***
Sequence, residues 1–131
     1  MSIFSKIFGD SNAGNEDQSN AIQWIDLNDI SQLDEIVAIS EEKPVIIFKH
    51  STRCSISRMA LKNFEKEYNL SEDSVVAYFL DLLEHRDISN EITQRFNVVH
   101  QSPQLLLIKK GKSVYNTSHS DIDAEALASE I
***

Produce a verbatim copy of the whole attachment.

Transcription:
Sequence, residues 1–131
     1  MSIFSKIFGD SNAGNEDQSN AIQWIDLNDI SQLDEIVAIS EEKPVIIFKH
    51  STRCSISRMA LKNFEKEYNL SEDSVVAYFL DLLEHRDISN EITQRFNVVH
   101  QSPQLLLIKK GKSVYNTSHS DIDAEALASE I